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What is Sweden doing to celebrate the King’s 50th year on the throne?

Sweden's King Carl XVI Gustaf marks his 50-year jubilee next year, while the nation will mark the 500th anniversary of the year Gustav Vasa ascended to the throne after liberating Sweden from Danish rule. So, how is Sweden celebrating?

What is Sweden doing to celebrate the King's 50th year on the throne?
Sweden's King Carl XVI Gustaf celebrates his birthday with his grandchildren Prince Gabriel, Princess Estelle and Prince Oscar. Photo: Jonas Ekströmer/TT

Carl XVI Gustaf was only 27 when he became king following the death of his grandfather, Gustaf VI Adolf in 1973, and he had been Crown Prince since his father, Prince Gustaf Adolf, died in a plane crash when he was just four years old.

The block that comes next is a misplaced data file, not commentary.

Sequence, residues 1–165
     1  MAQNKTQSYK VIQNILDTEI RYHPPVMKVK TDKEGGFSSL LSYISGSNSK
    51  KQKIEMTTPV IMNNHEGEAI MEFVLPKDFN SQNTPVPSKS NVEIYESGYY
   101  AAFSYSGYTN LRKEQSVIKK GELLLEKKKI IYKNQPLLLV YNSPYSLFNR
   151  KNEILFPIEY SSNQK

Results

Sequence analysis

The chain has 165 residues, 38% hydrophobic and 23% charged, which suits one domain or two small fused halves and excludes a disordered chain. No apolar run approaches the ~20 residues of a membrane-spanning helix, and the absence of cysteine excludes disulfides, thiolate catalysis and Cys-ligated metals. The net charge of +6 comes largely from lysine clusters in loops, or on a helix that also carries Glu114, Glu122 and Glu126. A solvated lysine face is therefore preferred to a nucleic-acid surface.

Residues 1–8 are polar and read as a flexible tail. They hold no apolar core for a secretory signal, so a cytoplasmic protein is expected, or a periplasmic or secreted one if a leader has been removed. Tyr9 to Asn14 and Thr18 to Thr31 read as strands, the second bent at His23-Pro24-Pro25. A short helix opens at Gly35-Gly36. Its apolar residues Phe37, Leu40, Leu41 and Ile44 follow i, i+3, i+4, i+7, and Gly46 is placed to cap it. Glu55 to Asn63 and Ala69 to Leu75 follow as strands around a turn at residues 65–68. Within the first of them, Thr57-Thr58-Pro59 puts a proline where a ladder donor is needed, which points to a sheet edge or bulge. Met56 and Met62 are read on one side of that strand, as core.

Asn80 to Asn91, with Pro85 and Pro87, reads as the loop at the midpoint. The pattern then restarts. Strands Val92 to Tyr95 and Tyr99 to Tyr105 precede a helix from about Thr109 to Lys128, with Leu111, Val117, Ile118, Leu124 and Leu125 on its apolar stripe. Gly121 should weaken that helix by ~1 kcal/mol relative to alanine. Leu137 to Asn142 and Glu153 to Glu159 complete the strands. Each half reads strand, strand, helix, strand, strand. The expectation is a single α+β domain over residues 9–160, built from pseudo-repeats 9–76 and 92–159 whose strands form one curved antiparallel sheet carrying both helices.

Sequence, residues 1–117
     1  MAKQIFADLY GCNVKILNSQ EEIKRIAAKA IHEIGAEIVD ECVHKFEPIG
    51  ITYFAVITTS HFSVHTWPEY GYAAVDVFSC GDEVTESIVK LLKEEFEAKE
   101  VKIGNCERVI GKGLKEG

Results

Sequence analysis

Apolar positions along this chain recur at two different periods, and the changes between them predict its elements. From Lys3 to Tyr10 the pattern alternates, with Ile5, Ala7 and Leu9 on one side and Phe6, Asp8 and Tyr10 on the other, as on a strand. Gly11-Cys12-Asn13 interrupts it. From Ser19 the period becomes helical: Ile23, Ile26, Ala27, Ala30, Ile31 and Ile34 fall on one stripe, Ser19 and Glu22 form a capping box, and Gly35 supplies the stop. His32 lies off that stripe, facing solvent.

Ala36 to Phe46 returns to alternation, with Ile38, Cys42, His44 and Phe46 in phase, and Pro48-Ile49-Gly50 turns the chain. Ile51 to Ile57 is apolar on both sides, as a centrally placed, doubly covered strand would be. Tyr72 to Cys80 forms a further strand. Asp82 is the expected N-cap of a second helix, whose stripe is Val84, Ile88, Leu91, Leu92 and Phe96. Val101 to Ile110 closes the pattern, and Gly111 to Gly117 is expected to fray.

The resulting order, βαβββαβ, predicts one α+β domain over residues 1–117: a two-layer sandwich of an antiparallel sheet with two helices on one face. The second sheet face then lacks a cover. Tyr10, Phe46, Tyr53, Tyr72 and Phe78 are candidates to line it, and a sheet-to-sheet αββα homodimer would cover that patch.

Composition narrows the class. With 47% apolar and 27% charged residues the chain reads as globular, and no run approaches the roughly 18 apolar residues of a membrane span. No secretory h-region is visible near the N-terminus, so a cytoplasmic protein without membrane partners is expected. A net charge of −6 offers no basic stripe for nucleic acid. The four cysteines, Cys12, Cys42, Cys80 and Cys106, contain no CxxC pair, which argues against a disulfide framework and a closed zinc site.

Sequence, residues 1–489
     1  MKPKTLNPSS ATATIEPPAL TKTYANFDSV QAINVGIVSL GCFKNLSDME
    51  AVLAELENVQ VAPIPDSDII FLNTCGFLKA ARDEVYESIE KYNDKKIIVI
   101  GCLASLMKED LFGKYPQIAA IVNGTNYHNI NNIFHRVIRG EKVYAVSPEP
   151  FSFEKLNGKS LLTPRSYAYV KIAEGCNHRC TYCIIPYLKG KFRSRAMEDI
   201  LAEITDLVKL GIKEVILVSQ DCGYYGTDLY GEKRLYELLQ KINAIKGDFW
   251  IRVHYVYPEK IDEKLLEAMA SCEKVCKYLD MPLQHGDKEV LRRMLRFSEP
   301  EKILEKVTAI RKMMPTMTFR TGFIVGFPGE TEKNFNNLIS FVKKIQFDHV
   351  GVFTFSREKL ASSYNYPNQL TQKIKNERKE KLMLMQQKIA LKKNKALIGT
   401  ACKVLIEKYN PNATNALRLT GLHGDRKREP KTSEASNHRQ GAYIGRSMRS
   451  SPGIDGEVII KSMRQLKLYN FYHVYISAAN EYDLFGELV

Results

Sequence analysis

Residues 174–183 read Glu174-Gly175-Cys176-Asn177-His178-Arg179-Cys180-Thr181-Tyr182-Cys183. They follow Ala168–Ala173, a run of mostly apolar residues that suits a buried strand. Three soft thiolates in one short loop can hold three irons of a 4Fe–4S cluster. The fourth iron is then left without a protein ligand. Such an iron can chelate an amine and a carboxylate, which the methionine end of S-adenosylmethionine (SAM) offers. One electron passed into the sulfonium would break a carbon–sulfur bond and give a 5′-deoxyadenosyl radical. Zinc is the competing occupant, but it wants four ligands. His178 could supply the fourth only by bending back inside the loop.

In 2018, he became Sweden’s longest reigning monarch ever, and he’s currently showing few signs of slowing down. 

Here are the main events planned for 2023 to celebrate his rule. 

January 27th: the Sweden Dinner

Jubilee celebrations will begin shortly after the New Year’s celebration, with a Sverigemiddag, or “Sweden Dinner”, planned in Stockholm at the Kungliga slottet, or Royal Palace, for January 27.

Leaders from each of Sweden’s 21 counties are invited, and those leaders will also select significant people from their counties to “set the tone” (tongivande människor) for the event.

February-September: Tour of Swedish counties

Throughout the year, the King and Queen will travel to all of Sweden’s counties, riding in a horse-drawn carriage wherever possible. These visits will take place between February and September.

June 6th: National Day celebrations